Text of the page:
Stuart Merrill Andrews


Stuart Merrill Andrews

Colonel, United States Air Force
21st Tactical Air Support Squadron, Pleiku AB SV

Born: September 22, 1929

Passed: March 4, 1966

Years Served:

1952 to 1969 – Vietnam War / Missing in Action / Killed in Action

Medals and Awards:
Purple Heart


In March of 1966, Major Stuart M. Andrews was the pilot of an O1E aircraft and his observer-intraining was 1Lt. John F. Conlon III. Andrews and his observer were sent on a cross-country visual reconnaissance mission in South Vietnam.

The O1E “Bird Dog” was used extensively in the early years of the Vietnam War by forward air controllers and provided low, close visual reconnaissance and target marking enabling armed aircraft or ground troops to close in on a target. The O1E was feared by the enemy because he knew that opening fire would expose his location and invite attack by fighters controlled by the slowly circling Bird Dog. The Vietnamese became bold and when they felt their position was compromised they attacked the little Bird Dog with a vengeance in order to lessen the accuracy of an impending strike by other craft.

Andrews and Conlon departed Qui Nhon Airfield on March 4, 1966 at 3:20 p.m. At 3:40 p.m. they made radio contact with a Special Forces Camp in the area and were asked to check campfires that had been spotted. That radio contact with the Special Forces camp was the last word anyone heard of Andrews and Conlon. There was, at that time, no indication that anything was wrong, but when the plane failed to arrive at its destination both men were declared missing. When 591 Americans were released from prisoner of war camps in 1973, Andrews and Conlon were not among them. On December 1, 1977, almost four years after the end of the war, the Defense Department officially changed Andrews’ status from Missing in Action to Killed in Action. Stuart M. Andrews was promoted to the rank of Colonel during the period he was maintained missing. On June 13, 1978, a formal burial with military honors was held for Colonel Andrews in Arlington National Cemetery.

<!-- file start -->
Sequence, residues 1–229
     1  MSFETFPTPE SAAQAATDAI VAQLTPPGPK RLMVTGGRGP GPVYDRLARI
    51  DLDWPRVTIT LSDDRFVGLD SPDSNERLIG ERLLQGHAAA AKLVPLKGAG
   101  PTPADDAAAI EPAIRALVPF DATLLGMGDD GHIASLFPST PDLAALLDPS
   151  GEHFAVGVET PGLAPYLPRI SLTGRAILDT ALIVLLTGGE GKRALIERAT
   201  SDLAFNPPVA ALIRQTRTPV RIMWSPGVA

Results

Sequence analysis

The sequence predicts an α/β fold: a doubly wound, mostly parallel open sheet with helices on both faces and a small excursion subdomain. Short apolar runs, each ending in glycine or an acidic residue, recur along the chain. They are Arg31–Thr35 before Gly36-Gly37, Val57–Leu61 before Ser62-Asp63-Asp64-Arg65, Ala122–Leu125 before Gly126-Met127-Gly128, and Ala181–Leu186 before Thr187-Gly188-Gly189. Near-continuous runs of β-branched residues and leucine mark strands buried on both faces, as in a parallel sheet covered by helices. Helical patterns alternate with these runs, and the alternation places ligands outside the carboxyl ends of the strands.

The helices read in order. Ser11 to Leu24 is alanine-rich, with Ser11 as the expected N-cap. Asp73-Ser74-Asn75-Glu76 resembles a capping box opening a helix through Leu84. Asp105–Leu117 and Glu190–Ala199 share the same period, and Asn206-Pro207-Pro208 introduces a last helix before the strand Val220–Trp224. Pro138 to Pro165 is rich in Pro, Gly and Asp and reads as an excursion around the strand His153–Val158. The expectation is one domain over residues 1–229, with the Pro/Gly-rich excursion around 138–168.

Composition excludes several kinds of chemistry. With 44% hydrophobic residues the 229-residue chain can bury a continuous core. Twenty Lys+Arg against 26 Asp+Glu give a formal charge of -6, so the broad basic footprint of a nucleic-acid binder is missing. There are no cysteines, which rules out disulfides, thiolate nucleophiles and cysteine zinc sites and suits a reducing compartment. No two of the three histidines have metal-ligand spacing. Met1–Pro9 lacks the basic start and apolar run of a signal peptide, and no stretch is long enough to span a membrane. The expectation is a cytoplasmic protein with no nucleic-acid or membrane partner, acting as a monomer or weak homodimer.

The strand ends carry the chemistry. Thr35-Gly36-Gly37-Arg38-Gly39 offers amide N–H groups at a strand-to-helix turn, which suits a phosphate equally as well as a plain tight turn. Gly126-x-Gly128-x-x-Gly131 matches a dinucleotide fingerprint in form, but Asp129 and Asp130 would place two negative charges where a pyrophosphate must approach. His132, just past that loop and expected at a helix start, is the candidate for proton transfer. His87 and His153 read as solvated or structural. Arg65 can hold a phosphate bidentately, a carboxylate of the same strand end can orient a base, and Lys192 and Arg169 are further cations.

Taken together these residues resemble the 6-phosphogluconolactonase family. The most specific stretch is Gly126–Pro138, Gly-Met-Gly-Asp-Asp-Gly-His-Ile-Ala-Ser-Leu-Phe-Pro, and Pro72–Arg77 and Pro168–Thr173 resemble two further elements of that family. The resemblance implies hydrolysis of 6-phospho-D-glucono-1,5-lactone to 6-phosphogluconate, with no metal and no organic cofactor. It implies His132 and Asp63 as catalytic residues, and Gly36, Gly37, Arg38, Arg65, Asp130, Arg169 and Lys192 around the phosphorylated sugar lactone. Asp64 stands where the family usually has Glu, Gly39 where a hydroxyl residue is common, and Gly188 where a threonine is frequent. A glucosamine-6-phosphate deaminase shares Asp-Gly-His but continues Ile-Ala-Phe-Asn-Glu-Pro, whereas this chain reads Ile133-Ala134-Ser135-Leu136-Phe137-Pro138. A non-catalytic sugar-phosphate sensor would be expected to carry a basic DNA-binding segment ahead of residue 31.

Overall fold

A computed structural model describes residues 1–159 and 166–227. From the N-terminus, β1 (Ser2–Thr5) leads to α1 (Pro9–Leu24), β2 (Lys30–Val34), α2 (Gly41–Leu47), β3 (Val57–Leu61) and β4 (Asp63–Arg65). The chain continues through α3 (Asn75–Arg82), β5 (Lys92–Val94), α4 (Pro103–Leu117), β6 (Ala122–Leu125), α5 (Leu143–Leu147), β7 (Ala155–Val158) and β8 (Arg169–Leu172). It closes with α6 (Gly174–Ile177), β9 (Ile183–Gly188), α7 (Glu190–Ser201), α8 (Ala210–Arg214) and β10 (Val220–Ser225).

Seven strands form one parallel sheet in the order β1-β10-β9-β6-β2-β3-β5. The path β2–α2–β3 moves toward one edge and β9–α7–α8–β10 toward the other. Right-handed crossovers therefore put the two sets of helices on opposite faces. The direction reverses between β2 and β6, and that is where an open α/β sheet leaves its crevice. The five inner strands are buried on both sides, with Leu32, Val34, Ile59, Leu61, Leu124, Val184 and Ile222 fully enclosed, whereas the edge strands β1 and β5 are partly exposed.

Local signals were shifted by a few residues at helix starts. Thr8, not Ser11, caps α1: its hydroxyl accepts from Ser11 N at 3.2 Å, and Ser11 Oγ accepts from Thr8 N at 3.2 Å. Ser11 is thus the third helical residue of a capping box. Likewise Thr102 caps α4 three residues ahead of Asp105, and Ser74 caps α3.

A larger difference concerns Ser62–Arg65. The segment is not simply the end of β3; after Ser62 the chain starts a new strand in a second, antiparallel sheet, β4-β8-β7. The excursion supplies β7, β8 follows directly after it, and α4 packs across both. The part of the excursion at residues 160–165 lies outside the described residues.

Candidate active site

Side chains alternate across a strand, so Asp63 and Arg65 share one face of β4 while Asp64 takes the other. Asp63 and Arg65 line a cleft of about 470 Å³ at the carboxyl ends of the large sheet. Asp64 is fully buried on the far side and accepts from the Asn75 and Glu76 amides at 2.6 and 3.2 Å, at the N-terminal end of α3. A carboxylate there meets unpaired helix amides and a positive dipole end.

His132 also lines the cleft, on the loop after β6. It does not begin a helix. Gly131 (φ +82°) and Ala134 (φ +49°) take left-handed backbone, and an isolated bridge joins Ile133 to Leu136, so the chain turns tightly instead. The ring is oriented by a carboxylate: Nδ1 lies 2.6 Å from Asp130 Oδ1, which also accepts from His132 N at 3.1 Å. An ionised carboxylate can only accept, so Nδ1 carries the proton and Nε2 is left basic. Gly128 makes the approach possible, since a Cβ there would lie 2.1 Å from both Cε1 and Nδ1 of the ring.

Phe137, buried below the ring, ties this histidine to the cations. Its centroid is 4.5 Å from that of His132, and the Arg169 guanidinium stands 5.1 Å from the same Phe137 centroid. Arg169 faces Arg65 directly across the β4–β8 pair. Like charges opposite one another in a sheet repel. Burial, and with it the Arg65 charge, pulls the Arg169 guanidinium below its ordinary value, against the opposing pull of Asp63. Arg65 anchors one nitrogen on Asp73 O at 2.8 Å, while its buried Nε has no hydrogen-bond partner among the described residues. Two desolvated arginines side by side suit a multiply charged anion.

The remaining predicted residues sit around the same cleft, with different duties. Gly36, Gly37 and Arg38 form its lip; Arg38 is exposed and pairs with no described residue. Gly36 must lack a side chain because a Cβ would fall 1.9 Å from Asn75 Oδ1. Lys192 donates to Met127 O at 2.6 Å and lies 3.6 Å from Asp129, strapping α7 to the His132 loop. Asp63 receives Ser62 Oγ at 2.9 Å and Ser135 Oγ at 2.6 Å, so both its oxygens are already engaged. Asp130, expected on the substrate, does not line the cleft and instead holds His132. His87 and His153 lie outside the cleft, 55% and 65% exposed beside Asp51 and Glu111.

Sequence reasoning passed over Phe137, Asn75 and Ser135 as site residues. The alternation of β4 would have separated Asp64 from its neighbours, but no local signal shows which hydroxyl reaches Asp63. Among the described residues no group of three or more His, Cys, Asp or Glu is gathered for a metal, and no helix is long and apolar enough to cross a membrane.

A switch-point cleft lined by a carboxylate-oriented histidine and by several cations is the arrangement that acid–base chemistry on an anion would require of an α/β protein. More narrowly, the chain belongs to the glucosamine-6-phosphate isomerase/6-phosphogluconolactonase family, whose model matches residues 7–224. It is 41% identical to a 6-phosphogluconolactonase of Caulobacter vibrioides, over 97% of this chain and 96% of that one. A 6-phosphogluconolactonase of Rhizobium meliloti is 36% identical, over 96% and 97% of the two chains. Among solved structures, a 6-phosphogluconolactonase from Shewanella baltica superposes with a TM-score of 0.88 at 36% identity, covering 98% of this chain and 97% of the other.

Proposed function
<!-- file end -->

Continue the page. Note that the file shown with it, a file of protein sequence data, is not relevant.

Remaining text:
In August of 2005, a villager who lived in a province close to where Andrews’ plane went missing reported to officials that he knew the location of a single-engine plane that crashed decades earlier. On February 6, 2006, the joint POW/MIA Accounting Command (JPAC) located the crash site and began an archaeological dig uncovering over fifty pieces of evidence including Colonel Andrews’ Dog Tags. On September 15, 2006, over 40 years after his plane disappeared, Andrews was positively identified.

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